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March 28, 2003 - Image 9

Resource type:
The Detroit Jewish News, 2003-03-28

Disclaimer: Computer generated plain text may have errors. Read more about this.

This Week

For Openers

Double Talk


ome hold with the notion that
if something is worth saying, it
is worth repeating. Chewing
gum ads have urged us to "dou-
ble our pleasure" and the ads feature
twins. We've long been aware of the
effects of the echo, but are you aware of
in our
ly repeat themselves?
Consider the
founders of a large
Eastern city; they
thought it was so
great, they named it
twice: New York, New
A musical play set in
New York was Guys
and Dolls and one of
the more colorful
characters was named
Across the country
from the Big Apple is
the double-pleasure
city of Walla Walla, Wash., where you could attend the
ballet and see a dancer in a tutu while you eat some
bonbons; go to a Hawaiian restaurant for a pupu plat-
ter, which may or may not contain some Mahi Mahi
(Yum-yum for your turn-turn); whether or not this will
affect your yo-yo dieting I do not know. You may opt
to attend a '60s night at a bar and see a go-go dancer
(hubba-hubba); touching, however, is a no-no.


If you were to travel down the coast to California,
which some consider La-La Land, you could then set
sail for the South Pacific and see a native wearing a
lava-lava. That might leave you gaga or only feeling so-
Be careful while in the islands; you would not want
to fall prey to the tsetse fly or neglect your diet and
come down with
Though there
are many attrac-
tive creatures in
that area, you'll
not find any
examples of the
extinct dodo bird.
You may, however,
hear in your
mind's ear the
echoes of World
War II ack-ack
guns. These could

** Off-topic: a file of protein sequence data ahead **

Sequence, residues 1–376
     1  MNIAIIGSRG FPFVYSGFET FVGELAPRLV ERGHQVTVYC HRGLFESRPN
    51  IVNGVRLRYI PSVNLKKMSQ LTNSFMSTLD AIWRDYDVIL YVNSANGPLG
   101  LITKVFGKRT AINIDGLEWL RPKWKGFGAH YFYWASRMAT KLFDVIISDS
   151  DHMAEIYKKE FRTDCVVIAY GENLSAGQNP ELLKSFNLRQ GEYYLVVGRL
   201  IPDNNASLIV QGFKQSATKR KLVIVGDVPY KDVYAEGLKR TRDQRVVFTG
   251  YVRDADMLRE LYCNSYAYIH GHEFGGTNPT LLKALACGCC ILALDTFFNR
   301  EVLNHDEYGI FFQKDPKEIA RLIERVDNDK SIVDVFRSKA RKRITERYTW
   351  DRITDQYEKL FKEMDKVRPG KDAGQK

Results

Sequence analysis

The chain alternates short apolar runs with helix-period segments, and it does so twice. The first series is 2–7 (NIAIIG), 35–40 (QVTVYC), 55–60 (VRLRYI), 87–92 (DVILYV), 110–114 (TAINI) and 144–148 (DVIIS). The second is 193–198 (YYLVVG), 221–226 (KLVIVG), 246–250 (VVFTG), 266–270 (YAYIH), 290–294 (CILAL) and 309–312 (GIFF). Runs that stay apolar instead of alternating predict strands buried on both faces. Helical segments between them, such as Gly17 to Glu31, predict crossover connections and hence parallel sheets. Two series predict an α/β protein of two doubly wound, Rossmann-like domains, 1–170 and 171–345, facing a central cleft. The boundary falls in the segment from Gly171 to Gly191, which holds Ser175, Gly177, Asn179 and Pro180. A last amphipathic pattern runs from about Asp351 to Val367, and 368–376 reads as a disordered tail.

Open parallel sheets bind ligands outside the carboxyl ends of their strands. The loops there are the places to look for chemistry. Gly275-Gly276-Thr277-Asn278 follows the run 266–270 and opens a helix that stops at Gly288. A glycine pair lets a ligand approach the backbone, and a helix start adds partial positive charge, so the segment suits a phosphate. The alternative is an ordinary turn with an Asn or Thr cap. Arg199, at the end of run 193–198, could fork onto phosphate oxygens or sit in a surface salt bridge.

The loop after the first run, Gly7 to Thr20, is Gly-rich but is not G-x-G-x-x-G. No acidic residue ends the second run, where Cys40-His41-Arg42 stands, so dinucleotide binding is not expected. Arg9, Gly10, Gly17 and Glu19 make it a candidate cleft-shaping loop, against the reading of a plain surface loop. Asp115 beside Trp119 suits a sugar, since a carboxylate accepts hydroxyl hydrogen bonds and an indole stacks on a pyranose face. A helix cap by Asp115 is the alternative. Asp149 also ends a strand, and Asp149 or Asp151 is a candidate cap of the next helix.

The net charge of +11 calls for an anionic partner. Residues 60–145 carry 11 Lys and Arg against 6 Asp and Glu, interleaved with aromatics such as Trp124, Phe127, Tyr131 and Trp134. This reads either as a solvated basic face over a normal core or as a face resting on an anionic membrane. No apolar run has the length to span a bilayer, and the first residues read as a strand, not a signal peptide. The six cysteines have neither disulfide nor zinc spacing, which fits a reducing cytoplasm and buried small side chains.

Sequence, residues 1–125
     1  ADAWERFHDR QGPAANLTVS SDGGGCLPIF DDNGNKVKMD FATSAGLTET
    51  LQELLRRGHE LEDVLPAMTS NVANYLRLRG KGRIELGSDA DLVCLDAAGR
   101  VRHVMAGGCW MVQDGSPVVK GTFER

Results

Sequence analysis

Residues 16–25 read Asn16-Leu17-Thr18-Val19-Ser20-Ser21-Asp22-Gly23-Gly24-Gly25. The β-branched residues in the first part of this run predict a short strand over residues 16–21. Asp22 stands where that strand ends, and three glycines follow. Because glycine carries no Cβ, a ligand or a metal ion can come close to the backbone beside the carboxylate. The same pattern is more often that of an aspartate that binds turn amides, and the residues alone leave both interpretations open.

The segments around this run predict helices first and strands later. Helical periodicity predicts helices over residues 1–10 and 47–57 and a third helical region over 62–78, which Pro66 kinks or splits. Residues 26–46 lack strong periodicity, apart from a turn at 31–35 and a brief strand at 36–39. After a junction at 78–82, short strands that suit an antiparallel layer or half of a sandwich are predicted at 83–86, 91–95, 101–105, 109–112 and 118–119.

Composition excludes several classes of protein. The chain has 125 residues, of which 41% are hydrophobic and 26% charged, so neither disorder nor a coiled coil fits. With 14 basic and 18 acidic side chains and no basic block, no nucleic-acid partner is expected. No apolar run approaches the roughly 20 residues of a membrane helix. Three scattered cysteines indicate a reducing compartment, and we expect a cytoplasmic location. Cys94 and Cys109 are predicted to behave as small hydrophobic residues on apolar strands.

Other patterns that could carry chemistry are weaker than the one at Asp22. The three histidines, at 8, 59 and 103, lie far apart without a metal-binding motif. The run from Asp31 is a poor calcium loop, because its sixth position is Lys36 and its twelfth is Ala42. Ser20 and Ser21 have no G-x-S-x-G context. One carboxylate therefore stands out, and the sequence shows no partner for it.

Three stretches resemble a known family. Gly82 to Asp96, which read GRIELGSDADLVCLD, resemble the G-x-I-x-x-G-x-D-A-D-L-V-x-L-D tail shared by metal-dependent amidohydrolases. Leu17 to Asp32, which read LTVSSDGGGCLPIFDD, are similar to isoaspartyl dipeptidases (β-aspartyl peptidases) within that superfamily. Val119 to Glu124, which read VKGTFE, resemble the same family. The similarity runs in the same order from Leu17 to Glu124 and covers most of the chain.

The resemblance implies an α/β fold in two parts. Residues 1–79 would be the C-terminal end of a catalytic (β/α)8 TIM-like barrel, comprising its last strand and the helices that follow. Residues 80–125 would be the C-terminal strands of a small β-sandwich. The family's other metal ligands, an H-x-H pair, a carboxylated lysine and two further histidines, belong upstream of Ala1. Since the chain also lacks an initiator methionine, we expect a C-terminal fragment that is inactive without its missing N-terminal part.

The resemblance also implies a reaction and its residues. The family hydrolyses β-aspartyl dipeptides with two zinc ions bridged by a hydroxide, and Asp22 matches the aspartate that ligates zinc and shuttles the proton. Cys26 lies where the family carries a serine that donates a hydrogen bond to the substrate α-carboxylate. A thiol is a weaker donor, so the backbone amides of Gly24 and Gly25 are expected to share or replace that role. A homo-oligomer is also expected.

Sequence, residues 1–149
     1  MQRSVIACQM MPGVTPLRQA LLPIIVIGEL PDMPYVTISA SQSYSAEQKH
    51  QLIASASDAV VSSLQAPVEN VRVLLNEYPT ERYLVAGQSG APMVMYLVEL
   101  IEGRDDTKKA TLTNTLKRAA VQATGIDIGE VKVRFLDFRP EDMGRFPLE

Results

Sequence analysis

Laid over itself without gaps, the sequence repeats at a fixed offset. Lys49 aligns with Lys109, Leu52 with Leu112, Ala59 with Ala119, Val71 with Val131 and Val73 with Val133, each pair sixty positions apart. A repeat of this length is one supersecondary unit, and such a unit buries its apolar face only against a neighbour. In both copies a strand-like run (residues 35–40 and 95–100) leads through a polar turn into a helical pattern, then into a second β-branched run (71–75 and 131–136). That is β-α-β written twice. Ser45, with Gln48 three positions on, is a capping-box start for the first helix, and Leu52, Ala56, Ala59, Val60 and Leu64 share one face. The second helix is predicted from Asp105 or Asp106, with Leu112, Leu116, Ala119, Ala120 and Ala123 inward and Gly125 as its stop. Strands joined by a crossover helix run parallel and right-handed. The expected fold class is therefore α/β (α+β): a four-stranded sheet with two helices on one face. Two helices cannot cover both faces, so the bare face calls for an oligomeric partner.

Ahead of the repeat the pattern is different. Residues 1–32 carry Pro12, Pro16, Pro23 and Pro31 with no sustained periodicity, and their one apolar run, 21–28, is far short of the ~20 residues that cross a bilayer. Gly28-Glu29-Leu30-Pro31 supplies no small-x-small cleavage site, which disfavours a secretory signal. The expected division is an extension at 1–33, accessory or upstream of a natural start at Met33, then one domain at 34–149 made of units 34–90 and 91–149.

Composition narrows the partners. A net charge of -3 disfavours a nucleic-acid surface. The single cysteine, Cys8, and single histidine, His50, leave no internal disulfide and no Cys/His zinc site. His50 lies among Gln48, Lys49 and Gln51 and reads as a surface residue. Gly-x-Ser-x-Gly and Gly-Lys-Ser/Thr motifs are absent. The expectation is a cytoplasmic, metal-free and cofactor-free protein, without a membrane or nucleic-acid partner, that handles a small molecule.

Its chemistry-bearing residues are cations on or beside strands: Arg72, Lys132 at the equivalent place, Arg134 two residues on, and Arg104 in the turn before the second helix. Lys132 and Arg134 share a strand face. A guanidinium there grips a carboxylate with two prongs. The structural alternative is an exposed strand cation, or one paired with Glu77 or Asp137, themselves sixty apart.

cause you to say
bye-bye (or ta-ta
- if you're British.)
If you return
home with a
desire for exercise,
you may want to
try out for a pom-
pom squad.
Warning: Too
much rah-rah may get you a boo-boo and make you
feel like a real dumdum. Tsk! Tsk!
Those with a musical bent and a hunger to boot
might opt to play a tom-tom while munching on a
After all this double talk, it might just be best to wish
you all a night-night and let it go at that. El

10t1? 'dm
on't Know

© 2003


he holiest site in Judaism is
the Western Wall in
Jerusalem. What do many
traditional Jews consider
the second holiest site?
— Goldfein

•papnci are treal puu rmaqa)1 `IfEIVS
curutparqy AMTI ■ 1 ‘tialqapi
uT gETadtpeN Jo DAED QI.11 Lianeisuy


"Israel is beautiful and quirky. You will
find everyone from lawyers to security
guards to garbage men wearing
yarmulkes. Anything and everything
you want to buy comes only after bar-
gaining. Women leave the hospital after
giving birth with a new baby and a new
gas mask. But what I truly hadn't pre-
pared myself for was the realm of social
problems outside of the security situa-
—Risa Lichtman of Wiest Bloomfield is
spending 10 months in Israel with Project
Otzma for post-college-age young people,
quotedfrom her letter to the Jewish
Federation of Metropolitan Detroit.

Yiddish Limericks

`Cross cultures, and ages, and lands,
The wisest of men understands:
Whenever me dreyt zikh,*
It follows me freyt zikh.**
The worst time is time on your hands!

Shabbat Candlelighting

— Martha Jo Fleischmann

"The last time I remember my mother lighting Shabbat candles was on Friday, Sept.
1, 1939. On that fateful day, the Nazi armies invaded Poland. With tears in her eyes,
she prayed that we be spared the ravages of war. Unfortunately, she did not survive."

Sponsored by Lubavitch
Women's Organization.
To submit a candlelighting
message or to receive
complimentary candlesticks
and information on Shabbat
candlelighting, call Miriam
Amzalak of Oak Park at
(248) 967-5056 or e-mail:

— Sam Offen, retired, West Bloomfield



Friday, March 28, 6:35 p.m.

Friday, April 4, 6:43 p.m.

Shabbat Ends

Shabbat Ends

Saturday, March 29, 7:39 p.m.

Saturday, April 5, 7:47 p.m.

*, ** (idiomatic) you keep busy, you
remain happy



Porridge; also: mixedup, difficult, irk-
some, confusion. (Anyone who causes
confusion is said to have "cooked up a

Source: From The New Joys of Yiddish by
Leo Calvin Rosten, edited by Lawrence
Bush, copyright 2001, by the Rosten
Family LLC. Used by permission of the
Rosten Family LLC.



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